The view from Songhees Point, looking back towards the Inner Harbour is a great one, and this spot also serves as an excellent place to watch the boats go in and out while enjoying a picnic (or a well disguised glass of wine).
Beacon Hill Park Totem Pole
Once the tallest totem pole in the world, this 38.9 meter high totem was raised in 1956. This really super tall totem pole stands fairly lonely in the grassy meadow of Beacon Hill Park just west of Cook Street. But don’t feel too bad for it, this totem has one of the best views of the Olympic Mountains and the Strait of Juan de Fuca in town.
Totem Poles in Duncan, British Columbia
Duncan is a small town about 75 minutes north of Victoria on Vancouver Island. It is known for two things: The largest hockey stick in the world and the Totem Tour.
Located on the ancestral lands of the Cowichan First Nation, Duncan calls itself the City of Totems and is one of the world’s largest collection of outdoor, publicly accessible totem poles.
The city started this collection in 1985 as a way to attract visitors, as well as to celebrate the heritage of the Cowichan people and the relationship between the band and the city. With each new pole that is carved and raised, festivities abound, stories are told, dances are danced, and the community comes together.
There are currently 41 totems on the Duncan Totem Tour Walk, most of which are located within a three-block radius in Downtown Duncan. The most recent pole to join the collection was raised in 2015, though I’m sure with every passing year the collection will grow and the celebrations will follow.
Totem Poles in Alert Bay off Northern Vancouver Island
Alert Bay is known as being one of THE totem pole centres in BC. It is also pretty remote, but the length of the journey only indicates how extremely special Alert Bay is.
Full disclosure, I’ve never been to Alert Bay, but my mother has raved about her trip for years, so I’m allowing her to write a guest post.
Disclaimer!! I am not responsible for anything she might say…
Alert Bay is located on Cormorant Island off the northeastern coast of Vancouver Island. To get there you take a BC ferry from the town of Port McNeil: the ferry does a triangle route, first stopping at Sointula on Malcolm Island (itself a fascinating place, but that’s another story, maybe another post??) and then to Alert Bay, before returning to Port McNeil.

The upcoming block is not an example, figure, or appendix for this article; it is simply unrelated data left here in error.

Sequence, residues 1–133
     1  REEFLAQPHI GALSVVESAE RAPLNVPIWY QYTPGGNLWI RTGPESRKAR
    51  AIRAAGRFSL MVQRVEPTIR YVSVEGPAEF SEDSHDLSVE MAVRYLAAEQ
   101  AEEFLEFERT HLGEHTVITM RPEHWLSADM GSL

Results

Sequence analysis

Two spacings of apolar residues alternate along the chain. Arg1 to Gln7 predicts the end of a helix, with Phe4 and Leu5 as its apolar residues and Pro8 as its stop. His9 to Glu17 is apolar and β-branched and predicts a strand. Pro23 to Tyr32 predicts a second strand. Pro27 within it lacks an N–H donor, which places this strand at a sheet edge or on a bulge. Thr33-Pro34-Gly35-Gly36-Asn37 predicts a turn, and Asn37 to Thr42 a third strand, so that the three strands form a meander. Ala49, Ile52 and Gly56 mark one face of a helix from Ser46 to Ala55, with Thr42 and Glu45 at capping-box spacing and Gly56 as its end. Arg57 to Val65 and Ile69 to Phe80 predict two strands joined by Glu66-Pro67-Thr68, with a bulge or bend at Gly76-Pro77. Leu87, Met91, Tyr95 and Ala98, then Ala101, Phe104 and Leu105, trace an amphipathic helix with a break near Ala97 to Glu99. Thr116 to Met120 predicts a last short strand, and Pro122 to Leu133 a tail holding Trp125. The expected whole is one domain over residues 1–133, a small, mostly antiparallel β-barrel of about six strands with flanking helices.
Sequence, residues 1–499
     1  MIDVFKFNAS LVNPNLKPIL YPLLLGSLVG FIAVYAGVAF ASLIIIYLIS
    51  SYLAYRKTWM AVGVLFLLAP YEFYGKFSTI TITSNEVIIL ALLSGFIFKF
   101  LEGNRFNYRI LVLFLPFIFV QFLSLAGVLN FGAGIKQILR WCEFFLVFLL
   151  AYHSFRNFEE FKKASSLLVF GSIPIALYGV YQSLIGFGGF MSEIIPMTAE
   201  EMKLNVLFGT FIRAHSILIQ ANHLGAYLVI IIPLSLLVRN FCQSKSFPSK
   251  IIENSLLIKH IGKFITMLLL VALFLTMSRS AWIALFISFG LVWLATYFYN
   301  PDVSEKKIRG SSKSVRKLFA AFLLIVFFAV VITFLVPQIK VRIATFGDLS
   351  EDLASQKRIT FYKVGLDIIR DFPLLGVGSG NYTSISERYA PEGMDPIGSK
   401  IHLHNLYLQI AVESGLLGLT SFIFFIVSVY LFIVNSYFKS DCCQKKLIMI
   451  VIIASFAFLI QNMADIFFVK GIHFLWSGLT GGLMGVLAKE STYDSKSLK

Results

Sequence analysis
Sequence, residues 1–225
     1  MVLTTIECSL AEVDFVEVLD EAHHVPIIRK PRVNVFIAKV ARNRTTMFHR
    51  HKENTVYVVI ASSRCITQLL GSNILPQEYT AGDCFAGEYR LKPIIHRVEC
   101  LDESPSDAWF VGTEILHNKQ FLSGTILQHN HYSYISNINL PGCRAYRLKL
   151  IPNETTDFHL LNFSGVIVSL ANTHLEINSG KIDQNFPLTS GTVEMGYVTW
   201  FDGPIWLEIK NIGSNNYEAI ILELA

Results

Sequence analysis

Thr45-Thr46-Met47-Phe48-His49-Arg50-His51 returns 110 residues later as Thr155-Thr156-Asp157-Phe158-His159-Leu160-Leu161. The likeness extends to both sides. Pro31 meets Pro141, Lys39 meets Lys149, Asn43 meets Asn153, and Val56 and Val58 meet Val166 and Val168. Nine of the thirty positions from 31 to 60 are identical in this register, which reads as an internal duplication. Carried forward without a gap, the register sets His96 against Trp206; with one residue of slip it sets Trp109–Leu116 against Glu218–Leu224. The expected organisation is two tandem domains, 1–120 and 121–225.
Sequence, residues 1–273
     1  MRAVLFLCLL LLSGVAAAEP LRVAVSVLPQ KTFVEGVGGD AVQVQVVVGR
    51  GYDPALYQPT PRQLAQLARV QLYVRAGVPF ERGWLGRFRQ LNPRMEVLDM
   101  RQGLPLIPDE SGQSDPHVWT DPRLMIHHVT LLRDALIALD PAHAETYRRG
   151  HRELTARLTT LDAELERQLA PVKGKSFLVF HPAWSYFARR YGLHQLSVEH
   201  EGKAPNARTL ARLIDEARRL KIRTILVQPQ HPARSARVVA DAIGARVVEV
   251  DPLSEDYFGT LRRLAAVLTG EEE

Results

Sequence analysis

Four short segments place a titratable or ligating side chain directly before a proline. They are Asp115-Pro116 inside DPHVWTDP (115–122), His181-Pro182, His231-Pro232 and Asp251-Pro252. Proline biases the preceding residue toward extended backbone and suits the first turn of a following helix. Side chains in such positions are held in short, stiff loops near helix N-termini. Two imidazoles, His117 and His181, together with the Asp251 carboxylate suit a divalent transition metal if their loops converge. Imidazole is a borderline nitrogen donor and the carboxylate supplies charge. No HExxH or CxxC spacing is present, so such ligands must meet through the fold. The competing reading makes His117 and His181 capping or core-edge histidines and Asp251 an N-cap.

The Village of Alert Bay is an amazing place for many reasons, but the Native Poles and carvings are unsurpassed. Just being in Alert Bay was an experience, and truly brings you the opportunity of seeing these works of art in their natural setting.
There are totem poles all around Alert Bay, but one of my favourite places was the cemetery, where there is a mix of old historic works, and newer modern ones. The cemetery is closed to the general public, but you can easily view the poles from outside the small fence, while respecting the local families. These poles overlook the water, and speak to the eternal circle of life.
The legendary Emily Carr painted some of her most famous pieces in Alert Bay over 100 years ago, and I felt as if I was walking in her footsteps as I stood riveted by the beauty of the poles. It made me truly appreciate the journey the young, solo woman made to this remote place, and the respect she gave to the local people.
The U’Mista Centre is another location to see carvings and poles, and I highly recommend you visit, to see the display of Potlatch Items, and learn the cultural heritage of the Kwakwa̱ka̱ʼwakw First Nation.
Although Alert Bay is off the main tourist trail, I highly endorse a visit. Plan to spend a few days, meet nice folks, do a few hikes, go whale watching, watch the native dancers, and eat great seafood. But most of all, absorb the beauty of the native art and admire the skills of the carvers, both modern and historic.
Totem Poles in Prince Rupert British Columbia
Back to a place I have been, Prince Rupert!
Also off most tourist trails, Prince Rupert is literally the end of the road. Located on the North Coast of BC’s mainland, just south of the Alaskan Panhandle, Prince Rupert is known for having one of the highest yearly rainfall measurements in the world. The Twilight books could have been set here.
Despite the rain, Prince Rupert is an awesome little place, with all kinds of small town charm, epic West Coast scenery, and, you guessed it, totem poles!